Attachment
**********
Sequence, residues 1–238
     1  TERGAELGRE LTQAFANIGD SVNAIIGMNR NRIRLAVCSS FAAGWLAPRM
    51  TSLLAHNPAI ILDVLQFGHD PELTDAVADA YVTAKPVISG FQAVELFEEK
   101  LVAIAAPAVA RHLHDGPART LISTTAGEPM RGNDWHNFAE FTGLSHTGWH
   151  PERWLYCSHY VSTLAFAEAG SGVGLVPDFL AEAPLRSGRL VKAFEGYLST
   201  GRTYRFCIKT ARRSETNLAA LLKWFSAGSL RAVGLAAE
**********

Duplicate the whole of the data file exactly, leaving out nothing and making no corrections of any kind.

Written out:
Sequence, residues 1–238
     1  TERGAELGRE LTQAFANIGD SVNAIIGMNR NRIRLAVCSS FAAGWLAPRM
    51  TSLLAHNPAI ILDVLQFGHD PELTDAVADA YVTAKPVISG FQAVELFEEK
   101  LVAIAAPAVA RHLHDGPART LISTTAGEPM RGNDWHNFAE FTGLSHTGWH
   151  PERWLYCSHY VSTLAFAEAG SGVGLVPDFL AEAPLRSGRL VKAFEGYLST
   201  GRTYRFCIKT ARRSETNLAA LLKWFSAGSL RAVGLAAE